Has the market for satellite navigation units reached the end of the road?

The entry of Google and the rise of smartphone technology have had a sizable impact upon players in the sat nav market. Companies may need to re-evaluate their prices to address this, and should look to markets that suit their natural advantages.

Confidence among existing satellite navigation retailers remains low since Google's high profile entry into the US market with free maps on phones in October 2009. Sat nav manufacturers Garmin and TomTom suffered the most as a result, with shares in the companies respectively falling by around 16% on the Nasdaq and 20% on the Dutch Stock Exchange upon the announcement. In April 2010, Google caused another stir by announcing that its Google Maps Navigation would be free on certain phones within the UK and Ireland.

The rise of smartphone applications has further confounded the market for sat nav devices. There is now less appeal in buying a unit for a three-figure sum, as the availability of cheaper or even free alternatives is growing.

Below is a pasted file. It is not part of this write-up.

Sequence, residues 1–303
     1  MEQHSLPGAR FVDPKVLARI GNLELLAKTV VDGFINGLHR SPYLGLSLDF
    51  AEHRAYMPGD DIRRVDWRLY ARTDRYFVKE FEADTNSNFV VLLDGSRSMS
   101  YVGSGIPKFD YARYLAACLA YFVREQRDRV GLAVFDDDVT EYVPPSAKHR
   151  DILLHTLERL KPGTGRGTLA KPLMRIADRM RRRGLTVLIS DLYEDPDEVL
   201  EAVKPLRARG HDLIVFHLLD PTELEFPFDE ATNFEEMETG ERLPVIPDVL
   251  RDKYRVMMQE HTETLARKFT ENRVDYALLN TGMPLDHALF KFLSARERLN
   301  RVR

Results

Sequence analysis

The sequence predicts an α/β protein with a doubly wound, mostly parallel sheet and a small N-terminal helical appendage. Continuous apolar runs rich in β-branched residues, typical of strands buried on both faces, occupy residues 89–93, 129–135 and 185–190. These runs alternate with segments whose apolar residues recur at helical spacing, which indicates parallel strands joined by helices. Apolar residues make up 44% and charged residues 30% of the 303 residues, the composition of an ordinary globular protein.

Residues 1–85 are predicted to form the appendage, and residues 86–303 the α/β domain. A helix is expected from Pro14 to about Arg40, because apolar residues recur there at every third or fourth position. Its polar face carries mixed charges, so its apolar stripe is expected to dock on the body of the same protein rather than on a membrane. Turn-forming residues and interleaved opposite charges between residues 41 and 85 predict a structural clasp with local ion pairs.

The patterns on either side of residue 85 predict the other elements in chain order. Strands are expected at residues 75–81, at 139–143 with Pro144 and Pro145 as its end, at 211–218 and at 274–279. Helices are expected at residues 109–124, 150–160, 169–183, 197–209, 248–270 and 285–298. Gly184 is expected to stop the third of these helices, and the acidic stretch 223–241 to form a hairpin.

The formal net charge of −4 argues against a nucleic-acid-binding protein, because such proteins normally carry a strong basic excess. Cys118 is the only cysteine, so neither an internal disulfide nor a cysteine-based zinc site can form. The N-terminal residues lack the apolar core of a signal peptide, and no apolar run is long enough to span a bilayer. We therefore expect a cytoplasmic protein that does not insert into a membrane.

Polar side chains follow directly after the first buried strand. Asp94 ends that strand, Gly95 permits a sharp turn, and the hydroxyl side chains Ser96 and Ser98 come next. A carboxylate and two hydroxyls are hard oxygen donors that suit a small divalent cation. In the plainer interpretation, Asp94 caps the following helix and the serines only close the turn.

The cost of such apps remains primarily dependent on the brand and the unit's functions. For example, TomTom's smartphone app costs GBP79, and includes extensive European network coverage and daily map updates, all at the touch of a button.

That said, sat nav units still have advantages that smartphones are yet to offer. They have enhanced features such as motorway junction lane guidance and points of interest. They also have stronger GPS receivers and do not drain as much battery, mainly because they are solely used for navigation.

However, the principal benefit of sat nav units is the fact that while they rely on having a signal, they do not depend on network and data connections. In contrast, free smartphone apps hold a limited amount of map information, meaning that they are mostly useless when there is no connection. Switching off the data roaming function on smartphones when abroad also causes this, whereas sat nav users with pre-paid packages such as TomTom's will have their own maps built into the software, so no connection is necessary.

There is evidently still a market for sat nav units, especially in countries where mobile phone networks are less developed. Regardless of location, however, producers of GPS devices will likely be forced to bring down their prices if they do not wish to fall off the map altogether.